Posts tagged ‘relationships’

February 3, 2017

Love is what you find at the bottom of a toy trunk

This completely quirky but totally true description of love is courtesy of Montreal author Heather O’Neill in her novel The Girl Who Was Saturday Night. (Read Heather O’Neill if you can; her work is brilliantly engaging.)

Love is like this small room where a child brings you to show you all their treasures. First the child shows you all the new toys that are bright and shiny and top of the line. But then she shows you all the stuff that has ended up at the bottom of the trunk. There are dolls with eyes that wobble, hair that is falling out of their heads, and dirt behind the ears. Their fingertips have been chewed off by dogs and they have been drawn on with ballpoint pen. It has been so long since they have been held or anyone has told them that they are lovely. They lie at the bottom of the toy chest, hidden and ashamed. You are either going to be disgusted by them, or you are going to be so filled with love for them that your heart almost breaks.

At some point, any long-term relationship will expose you to the bad, the sad and the vulnerable in your partner, alongside the good, the happy and the strong. That is the point when you find out if your love is real.

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January 3, 2017

Balm for a broken heart

These quotes are for my friend A.J. and everyone else who’s been there, felt that:

Love is spiritual training for a broken heart. Your heart will break if you love someone.
~ Polly Young-Eisendrath in The Present Heart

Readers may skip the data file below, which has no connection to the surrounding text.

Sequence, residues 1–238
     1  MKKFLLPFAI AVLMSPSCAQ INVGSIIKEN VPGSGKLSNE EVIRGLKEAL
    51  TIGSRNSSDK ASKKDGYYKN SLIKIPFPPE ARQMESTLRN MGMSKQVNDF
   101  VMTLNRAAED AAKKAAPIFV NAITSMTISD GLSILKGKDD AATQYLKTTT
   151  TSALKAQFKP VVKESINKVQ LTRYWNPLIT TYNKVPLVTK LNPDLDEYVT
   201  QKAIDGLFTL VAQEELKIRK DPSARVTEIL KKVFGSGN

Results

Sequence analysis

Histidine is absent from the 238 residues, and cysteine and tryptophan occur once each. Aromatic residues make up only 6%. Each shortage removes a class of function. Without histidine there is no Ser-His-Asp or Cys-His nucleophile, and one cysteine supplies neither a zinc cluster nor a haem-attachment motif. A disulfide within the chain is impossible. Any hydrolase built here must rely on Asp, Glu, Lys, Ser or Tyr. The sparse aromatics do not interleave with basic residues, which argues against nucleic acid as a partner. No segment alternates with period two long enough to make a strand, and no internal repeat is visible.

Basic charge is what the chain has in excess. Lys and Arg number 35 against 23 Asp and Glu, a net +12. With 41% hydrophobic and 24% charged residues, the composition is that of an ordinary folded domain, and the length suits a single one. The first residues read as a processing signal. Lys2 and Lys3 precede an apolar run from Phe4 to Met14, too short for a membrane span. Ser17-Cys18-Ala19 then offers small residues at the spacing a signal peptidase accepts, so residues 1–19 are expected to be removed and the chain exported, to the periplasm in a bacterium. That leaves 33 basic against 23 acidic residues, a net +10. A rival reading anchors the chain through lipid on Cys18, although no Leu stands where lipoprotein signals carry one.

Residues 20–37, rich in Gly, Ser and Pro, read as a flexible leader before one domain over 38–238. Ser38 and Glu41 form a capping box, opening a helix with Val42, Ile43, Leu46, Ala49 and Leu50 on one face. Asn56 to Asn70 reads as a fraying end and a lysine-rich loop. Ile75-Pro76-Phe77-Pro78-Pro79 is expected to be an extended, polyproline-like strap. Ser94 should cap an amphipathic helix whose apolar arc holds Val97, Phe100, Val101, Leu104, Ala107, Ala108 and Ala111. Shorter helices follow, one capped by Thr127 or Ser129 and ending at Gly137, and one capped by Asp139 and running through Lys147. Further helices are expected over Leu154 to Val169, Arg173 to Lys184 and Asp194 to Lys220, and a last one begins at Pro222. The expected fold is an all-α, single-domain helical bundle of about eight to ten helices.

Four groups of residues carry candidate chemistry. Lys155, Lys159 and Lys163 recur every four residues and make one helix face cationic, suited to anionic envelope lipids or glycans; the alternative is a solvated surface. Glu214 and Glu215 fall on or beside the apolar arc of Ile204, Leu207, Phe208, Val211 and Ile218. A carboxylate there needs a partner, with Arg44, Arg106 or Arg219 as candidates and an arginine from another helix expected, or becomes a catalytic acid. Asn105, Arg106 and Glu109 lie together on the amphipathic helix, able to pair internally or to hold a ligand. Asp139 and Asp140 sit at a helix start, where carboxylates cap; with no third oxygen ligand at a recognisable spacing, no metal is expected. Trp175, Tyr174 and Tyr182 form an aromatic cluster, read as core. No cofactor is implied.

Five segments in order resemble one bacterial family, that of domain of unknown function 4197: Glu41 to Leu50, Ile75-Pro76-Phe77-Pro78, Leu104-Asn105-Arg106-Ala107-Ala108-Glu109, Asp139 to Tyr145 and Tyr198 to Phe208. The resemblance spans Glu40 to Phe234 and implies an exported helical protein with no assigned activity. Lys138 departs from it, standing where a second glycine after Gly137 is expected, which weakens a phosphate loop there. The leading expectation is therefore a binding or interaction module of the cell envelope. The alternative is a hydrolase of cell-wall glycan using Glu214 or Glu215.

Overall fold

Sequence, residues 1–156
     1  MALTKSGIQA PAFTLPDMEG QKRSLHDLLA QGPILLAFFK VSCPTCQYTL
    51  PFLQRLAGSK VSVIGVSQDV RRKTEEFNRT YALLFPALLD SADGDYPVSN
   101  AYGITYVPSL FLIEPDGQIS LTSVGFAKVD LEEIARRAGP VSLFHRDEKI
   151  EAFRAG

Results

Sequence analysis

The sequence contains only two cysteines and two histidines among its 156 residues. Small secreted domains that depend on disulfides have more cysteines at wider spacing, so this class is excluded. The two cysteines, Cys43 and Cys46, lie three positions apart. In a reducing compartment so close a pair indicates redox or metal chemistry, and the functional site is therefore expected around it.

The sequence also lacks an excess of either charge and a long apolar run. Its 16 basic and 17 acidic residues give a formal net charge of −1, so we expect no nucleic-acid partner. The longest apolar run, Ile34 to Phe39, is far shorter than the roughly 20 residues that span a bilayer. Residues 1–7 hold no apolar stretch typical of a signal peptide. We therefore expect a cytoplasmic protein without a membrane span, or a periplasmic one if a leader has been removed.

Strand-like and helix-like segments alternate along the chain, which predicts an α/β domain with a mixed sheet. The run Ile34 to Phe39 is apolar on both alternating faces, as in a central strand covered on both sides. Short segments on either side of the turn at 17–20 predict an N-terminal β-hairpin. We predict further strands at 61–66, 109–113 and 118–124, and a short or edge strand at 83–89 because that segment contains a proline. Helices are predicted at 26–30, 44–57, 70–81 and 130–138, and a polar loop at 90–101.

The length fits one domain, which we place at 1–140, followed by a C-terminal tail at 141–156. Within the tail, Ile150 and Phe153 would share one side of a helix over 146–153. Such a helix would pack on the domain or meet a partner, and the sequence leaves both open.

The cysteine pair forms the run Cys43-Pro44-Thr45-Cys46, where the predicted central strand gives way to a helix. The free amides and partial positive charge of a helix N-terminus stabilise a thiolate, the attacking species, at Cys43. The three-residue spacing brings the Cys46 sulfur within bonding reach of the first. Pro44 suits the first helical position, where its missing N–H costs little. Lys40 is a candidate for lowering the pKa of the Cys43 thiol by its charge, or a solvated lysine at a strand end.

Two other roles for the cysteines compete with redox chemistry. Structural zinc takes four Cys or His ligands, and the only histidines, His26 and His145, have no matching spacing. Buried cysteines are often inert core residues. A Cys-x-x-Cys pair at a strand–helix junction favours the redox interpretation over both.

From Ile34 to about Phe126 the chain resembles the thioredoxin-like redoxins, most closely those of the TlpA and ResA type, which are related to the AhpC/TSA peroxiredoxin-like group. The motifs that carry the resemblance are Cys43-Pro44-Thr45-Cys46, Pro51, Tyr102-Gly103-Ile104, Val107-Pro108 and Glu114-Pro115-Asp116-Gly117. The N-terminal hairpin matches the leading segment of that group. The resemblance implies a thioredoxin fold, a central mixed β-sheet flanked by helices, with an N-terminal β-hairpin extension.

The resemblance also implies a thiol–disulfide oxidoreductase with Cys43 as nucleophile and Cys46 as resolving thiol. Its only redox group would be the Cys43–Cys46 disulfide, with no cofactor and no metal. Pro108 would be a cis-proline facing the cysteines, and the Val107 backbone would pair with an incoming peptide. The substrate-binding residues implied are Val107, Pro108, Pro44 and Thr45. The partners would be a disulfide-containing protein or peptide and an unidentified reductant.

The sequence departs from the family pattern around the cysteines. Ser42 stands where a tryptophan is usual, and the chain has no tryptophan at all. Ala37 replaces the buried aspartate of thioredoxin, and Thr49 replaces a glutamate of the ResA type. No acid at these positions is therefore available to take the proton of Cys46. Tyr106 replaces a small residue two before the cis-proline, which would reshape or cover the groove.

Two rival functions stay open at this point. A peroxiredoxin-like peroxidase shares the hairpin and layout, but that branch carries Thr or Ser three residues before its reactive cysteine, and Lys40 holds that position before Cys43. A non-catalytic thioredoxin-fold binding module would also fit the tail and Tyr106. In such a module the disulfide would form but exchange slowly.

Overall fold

But then…

To lose balance sometimes for love is part of living a balanced life.
~ Elizabeth Gilbert in Eat, Pray, Love

And …

I tell you this to break your heart, by which I mean only that it break open and never close again to the rest of the world.
~ Mary Oliver

A broken heart is a gift. It means you are human; it means you are capable of opening yourself to someone else, to letting them in, to loving them — then, now and in the future. Your heart will heal and you will love again — better and stronger next time for what you have learned this time. ♥

October 15, 2015

Your future is not about people who walk away

Thought of the moment, from source unknown:

When people walk away, let them.
Your future is not about people who walk away.
It’s about the people who stay in it for the ride.

To all those people who are in it for my ride, thank you.

November 12, 2014

It’s the heaviness in life that launches flight

I like this passage from the book The Road is How by Canadian naturalist Trevor Herriot:

Is there a way to love, I wonder, without ever scaring one another? Without the descent off rooftops and into old age, without knowing the fear in one another’s eyes? Somehow in this life, it is the heaviness that lets a bird launch into flight, and the uncertainty ahead that makes us walk new pathways.

In other words, take the fear with the love, the heaviness with the lightness, the uncertainty with the sureness, and be grateful. For without these former elements, we would never know the grace of the latter.

September 27, 2014

Here you are again, she said

In her memoir Unsinkable, former Olympic rower Silken Laumann writes this passage about the interconnection between destiny and choice in each person’s life:

I have a belief . . . that goes something like this: Each of our lives is a book already written whose chapters have multiple endings. Depending on the choices we make, a chapter goes in one direction or another, but the book’s narrative moves forward with a relentless rhythm and aspects of inevitability. The things we are meant to do appear again and again in our story, until we recognize our responsibility and accept the challenge. No matter how hard we try to avoid them, or back away because we are scared or unwilling, they keep showing up in various incarnations.

What strikes me most about this passage is the latter part about how “the things we are meant to do” appear again and again in our personal story, in our thoughts, in our dreams and visions. I am experiencing this phenomenon right now: a certain person keeps popping up in my life story. I like to think that this person’s recurring presence is happening for a reason, because there is some inevitable yet unknown place that we are supposed to go together. Only time — and perhaps our own individual choices — will tell.

 

September 16, 2013

The perfect relationship

Together we are one thing.